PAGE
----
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Jette Sandahl

5 Curating across the colonial divides Jette Sandahl Long live the excavation ban Listen for a moment to the Swedish explorer Erland Nordenskiöld as he talks to himself, in 1902, in diaries and letters, in the tropical nights of Latin America:1 When darkness falls, which it does swiftly in the tropics, we take our spades and go down the hillside. There is a terrible atmosphere over such a grave plundering at night time. Sometimes it is deadly quiet and in the humid heat half naked diggers work; sometimes someone throws in a raw joke to encourage himself and the

in Curatopia
Results of the Charité Human Remains Project
Holger Stoecker and Andreas Winkelmann

From 2010 to 2013 the Charité Human Remains Project researched the provenance of the remains of fifty-seven men and women from the then colony of German South West Africa. They were collected during German colonial rule, especially but not only during the colonial war 1904–8. The remains were identified in anthropological collections of academic institutions in Berlin. The article describes the history of these collections, the aims, methods and interdisciplinary format of provenance research as well as its results and finally the restitutions of the remains to Namibia in 2011 and 2014.

Human Remains and Violence: An Interdisciplinary Journal
Colonialism, grave robbery and intellectual history
Larissa Förster, Dag Henrichsen, Holger Stoecker and Hans Axasi╪Eichab

In 1885, the Berlin pathologist Rudolf Virchow presented three human skeletons from the colony of German South West Africa to the Berlin Society for Anthropology, Ethnology and Prehistory. The remains had been looted from a grave by a young German scientist, Waldemar Belck, who was a member of the second Lüderitz expedition and took part in the occupation of colonial territory. In an attempt to re-individualise and re-humanise these human remains, which were anonymised in the course of their appropriation by Western science, the authors consult not only the colonial archive, but also contemporary oral history in Namibia. This allows for a detailed reconstruction of the social and political contexts of the deaths of the three men, named Jacobus Hendrick, Jacobus !Garisib and Oantab, and of Belck’s grave robbery, for an analysis of how the remains were turned into scientific objects by German science and institutions, as well as for an establishment of topographical and genealogical links with the Namibian present. Based on these findings, claims for the restitution of African human remains from German institutions cannot any longer be regarded as a contemporary phenomenon only but must be understood as part of an African tradition of resistance against Western colonial and scientific practices.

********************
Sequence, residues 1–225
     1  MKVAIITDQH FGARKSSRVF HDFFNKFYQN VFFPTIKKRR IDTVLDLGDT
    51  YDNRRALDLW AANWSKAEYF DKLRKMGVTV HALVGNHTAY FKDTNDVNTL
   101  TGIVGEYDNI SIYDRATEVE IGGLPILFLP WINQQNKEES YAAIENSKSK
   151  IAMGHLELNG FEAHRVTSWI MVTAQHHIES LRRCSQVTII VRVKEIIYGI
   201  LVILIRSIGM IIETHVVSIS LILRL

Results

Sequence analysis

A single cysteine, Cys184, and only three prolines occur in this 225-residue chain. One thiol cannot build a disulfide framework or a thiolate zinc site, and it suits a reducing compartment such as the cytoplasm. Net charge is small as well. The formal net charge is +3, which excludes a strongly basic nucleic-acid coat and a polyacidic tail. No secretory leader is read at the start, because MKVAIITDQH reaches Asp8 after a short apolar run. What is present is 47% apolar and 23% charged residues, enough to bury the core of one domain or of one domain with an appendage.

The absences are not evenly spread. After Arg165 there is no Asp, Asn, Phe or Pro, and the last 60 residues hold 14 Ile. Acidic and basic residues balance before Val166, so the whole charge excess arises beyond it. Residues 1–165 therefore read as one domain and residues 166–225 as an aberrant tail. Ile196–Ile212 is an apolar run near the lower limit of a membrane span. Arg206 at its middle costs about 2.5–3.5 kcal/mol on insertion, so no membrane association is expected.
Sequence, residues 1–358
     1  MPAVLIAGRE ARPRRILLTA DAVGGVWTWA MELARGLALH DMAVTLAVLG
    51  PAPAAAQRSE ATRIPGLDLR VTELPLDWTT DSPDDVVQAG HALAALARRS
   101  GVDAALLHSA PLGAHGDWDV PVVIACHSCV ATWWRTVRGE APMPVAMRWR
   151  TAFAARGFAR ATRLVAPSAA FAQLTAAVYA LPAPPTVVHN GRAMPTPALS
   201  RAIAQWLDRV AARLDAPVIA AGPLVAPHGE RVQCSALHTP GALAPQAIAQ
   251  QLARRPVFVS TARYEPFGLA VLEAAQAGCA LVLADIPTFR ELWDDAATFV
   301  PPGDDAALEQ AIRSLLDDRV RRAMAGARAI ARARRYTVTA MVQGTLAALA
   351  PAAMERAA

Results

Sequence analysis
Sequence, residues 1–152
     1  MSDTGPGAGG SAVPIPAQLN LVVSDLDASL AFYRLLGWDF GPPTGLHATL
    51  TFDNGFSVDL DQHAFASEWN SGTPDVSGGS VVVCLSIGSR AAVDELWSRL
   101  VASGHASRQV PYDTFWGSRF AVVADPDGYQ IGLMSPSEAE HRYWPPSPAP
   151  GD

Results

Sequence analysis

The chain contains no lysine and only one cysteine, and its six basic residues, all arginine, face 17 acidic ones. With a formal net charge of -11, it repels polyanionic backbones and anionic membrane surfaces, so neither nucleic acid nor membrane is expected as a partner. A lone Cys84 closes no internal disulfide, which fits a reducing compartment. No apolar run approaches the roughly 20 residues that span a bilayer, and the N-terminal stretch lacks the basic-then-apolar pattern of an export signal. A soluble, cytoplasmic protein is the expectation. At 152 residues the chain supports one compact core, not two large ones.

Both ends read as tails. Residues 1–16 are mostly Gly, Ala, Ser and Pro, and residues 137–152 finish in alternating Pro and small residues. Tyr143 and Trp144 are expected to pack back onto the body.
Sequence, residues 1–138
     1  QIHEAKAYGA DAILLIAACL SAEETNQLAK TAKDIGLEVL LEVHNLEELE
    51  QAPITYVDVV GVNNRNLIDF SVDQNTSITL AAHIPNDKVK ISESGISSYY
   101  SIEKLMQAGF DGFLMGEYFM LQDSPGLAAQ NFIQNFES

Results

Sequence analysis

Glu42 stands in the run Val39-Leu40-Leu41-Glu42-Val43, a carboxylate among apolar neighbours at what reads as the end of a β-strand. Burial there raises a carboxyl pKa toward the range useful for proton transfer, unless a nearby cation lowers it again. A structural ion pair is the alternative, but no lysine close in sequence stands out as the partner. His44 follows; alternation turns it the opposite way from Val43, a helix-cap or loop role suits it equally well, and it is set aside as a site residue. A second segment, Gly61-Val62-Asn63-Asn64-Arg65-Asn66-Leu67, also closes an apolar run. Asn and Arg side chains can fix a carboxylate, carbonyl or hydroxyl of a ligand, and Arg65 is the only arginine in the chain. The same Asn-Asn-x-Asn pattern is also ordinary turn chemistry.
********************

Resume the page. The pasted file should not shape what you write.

Human Remains and Violence: An Interdisciplinary Journal
John Harries, Linda Fibiger, Joan Smith, Tal Adler and Anna Szöke

This article will query the ethics of making and displaying photographs of human remains. In particular, we will focus on the role of photography in constituting human remains as specimens, and the centrality of the creation and circulation of photographic images to the work of physical anthropology and bioarchaeology. This work has increasingly become the object of ethical scrutiny, particularly in the context of a (post)colonial politics of recognition in which indigenous people seek to recover dominion over their looted material heritage, including the remains of their dead. This ethical concern extends to the question of how and under what circumstances we may display photographs of human remains. Moreover, this is not just a matter of whether and when we should or should not show photographs of the remains of the dead. It is a question of how these images are composed and produced. Our discussion of the ethics of the image is, therefore, indivisible from a consideration of the socio-technical process by which the photographic image is produced, circulated and consumed.

Human Remains and Violence: An Interdisciplinary Journal
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Museums and the future of curatorship